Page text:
|Video: Masami Teraoka talks about how his daughter, Eve Teraoka, has inspired his artwork|
By Victoria Gail White
Special to The Advertiser
By Victoria Gail White
He has an adult son, Adam, and a newborn daughter, Eve. At 71 years of age, Masami Teraoka is not slowing down — as a father or as an artist.
Just out from Chronicle Books is the lavish "Ascending Chaos: The Art of Masami Teraoka 1966-2006," and next spring he will be at the opening of an exhibition of his work over the past five years. His wife, painter Lynda Hess, is also busy at her own work. Yet both manage to balance baby time with studio time.
Making Hawai'i his home since 1980, Teraoka is the state's best-known artist on the international art stage. His work is in the collections of the Fine Arts Museums of San Francisco, London's Tate Modern and the Metropolitan Museum of Art, to name just a few. Since he made his name with his Japanese ukiyo-e-style watercolors with Japanese and American iconography, his visual language and media have evolved. More recently he has produced altarlike, Renaissance-style triptychs with predellas in oil, dominated by American and European iconography.
Of late, the geishas of his earlier works have returned to his canvases to represent, as he says, "the positive aspect of sexuality."
His current "Confessional" series is provocative, shocking, erotic, visionary, fantastical and totally in your face. And like one of the artists he admires most, Hieronymous Bosch, Teraoka is committed to communicating moral, social, ethical and cultural dilemmas in his work. His own visual poetry folds political and religious events together and traverses chronological time in the process. His "what ifs" unveil the darker forces at play in the world and pull back the curtain to reveal images relating to alienation and death, violence and suffering, terrorism and tourism, mass media, mythology, cloning, the Internet culture, the Inquisition and more.
And he changes diapers, too. In honor of Father's Day, we visited him in his Waimanalo studio.
What is it like being a father at your age?
It's a normal life. I'm a dad. We have Eve. We feed her in the morning, at lunch and dinnertime, and let her sleep. We put in a lot of energy and time to take care of her. I started speaking to her in Japanese so that she will get used to it. I didn't do that with my first child, which is unfortunate.
Actually, I wasn't quite sure how I could live with a newborn baby and produce at the same time. When I recall being with my first child, Adam, in Los Angeles, my attitude as a husband was different. I'm much more involved with raising this baby. Forty years ago, my ex-wife took care of the baby. I was able to take Adam to a park and things like that, but I don't remember the details I'm experiencing now. Every day I watch Eve and notice the subtle changes that take place. It's very difficult to get away from her because I enjoy watching and looking at her so much.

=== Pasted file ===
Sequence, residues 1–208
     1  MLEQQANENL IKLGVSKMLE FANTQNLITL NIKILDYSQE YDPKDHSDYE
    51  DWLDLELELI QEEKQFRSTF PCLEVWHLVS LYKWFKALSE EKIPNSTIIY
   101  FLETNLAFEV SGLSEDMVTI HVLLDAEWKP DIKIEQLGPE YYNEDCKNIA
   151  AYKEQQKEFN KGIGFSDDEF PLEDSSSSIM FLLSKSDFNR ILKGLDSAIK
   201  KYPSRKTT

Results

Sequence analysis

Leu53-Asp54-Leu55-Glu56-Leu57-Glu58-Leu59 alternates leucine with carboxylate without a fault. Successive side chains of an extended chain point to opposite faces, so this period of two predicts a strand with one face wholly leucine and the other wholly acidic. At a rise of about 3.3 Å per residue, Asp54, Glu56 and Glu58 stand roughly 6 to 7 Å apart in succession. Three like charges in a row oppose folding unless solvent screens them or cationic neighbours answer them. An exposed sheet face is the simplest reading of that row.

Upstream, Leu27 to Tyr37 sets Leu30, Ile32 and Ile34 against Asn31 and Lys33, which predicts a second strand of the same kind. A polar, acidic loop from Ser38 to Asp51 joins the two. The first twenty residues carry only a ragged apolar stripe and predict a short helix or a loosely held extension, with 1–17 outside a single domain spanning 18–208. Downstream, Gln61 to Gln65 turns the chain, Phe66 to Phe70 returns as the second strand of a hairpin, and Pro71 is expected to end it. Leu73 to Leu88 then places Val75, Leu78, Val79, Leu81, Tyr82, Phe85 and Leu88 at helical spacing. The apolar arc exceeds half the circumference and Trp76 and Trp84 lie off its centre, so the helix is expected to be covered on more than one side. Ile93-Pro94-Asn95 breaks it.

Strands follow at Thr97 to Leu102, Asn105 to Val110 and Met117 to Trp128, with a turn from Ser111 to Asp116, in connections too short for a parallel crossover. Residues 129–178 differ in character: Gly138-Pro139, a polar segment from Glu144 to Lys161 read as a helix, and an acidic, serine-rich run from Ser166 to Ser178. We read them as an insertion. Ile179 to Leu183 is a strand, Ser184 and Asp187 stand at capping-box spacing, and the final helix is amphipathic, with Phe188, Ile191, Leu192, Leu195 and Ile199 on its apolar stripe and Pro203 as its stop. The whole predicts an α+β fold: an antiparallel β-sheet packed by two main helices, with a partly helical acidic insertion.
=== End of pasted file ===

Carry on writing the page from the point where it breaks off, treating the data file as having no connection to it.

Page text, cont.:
How do you fit painting into your schedule these days?
Before my San Francisco show (at the Catherine Clarke Gallery), which opened in February (and closed in April), I was painting intensely for two months. Then I stopped, up until now.
I'm going back into a productive space now — for my big show in April 2008. It's a five-year survey show in the Patricia Faure Gallery in Santa Monica.
Timing-wise, I'm just getting used to having Eve. She has her Eden area here (he points to a sectioned-off area with plenty of crawl space, complete with toys and brightly colored soft puzzles). I appreciate every change in her and I don't want to miss any. ... I think she's brilliant. At 8 1/2 months she can't talk, but she seems to grasp the reality that she's in and tries to figure everything out. And we have to be pretty sharp, too! She's just so cute; she melts me so much.
How does your family in Japan feel about the new addition?
Recently, we took Eve to Japan to meet my mom, who is 96. At first it was difficult for my mom to cope with all of this because she is so conservative. I have three sisters. The youngest one was supportive, but my other sisters had trouble. Eve was like the ambassador and everyone enjoyed her. They want to see her again.
Many of the women in your paintings are cut up, bleeding or have skin textures like veined marble. Why is that?
There are layers of meaning. Women have been treated like secondary citizens in many cultures for a very long time. My basic view is that human beings have to be totally equal. I can't imagine being a woman thousands of years ago knowing the first woman, Eve, was sinful. That has a lot to do with a negative psyche for women. I don't think men can even pay attention to that because men have always been born in a male chauvinistic society. They are appreciated more, paid more. The defiled women in my work are also a visual pun. The scratch marks on their bodies can also indicate that they are internally hurt or they were caught in the line of fire.
Do you think your imagery is going to get softer now that your heart is being melted?
I'm not sure (laughs), but at least I will have this overall view in my "Confessional" series. I want to cover the four seasons. Eventually, I want it to have a bright side.
What advice would you give Eve about being an artist?
You have to listen to and follow your inner passion. That's the best guide you can depend on.
This detail of Masami Teraoka's painting, "The Cloisters/Eve's First Halloween" features the artist and his daughter, Eve. The internationally acclaimed artist is known for his Japanese ukiyo-e-style watercolors with Japanese and American iconography.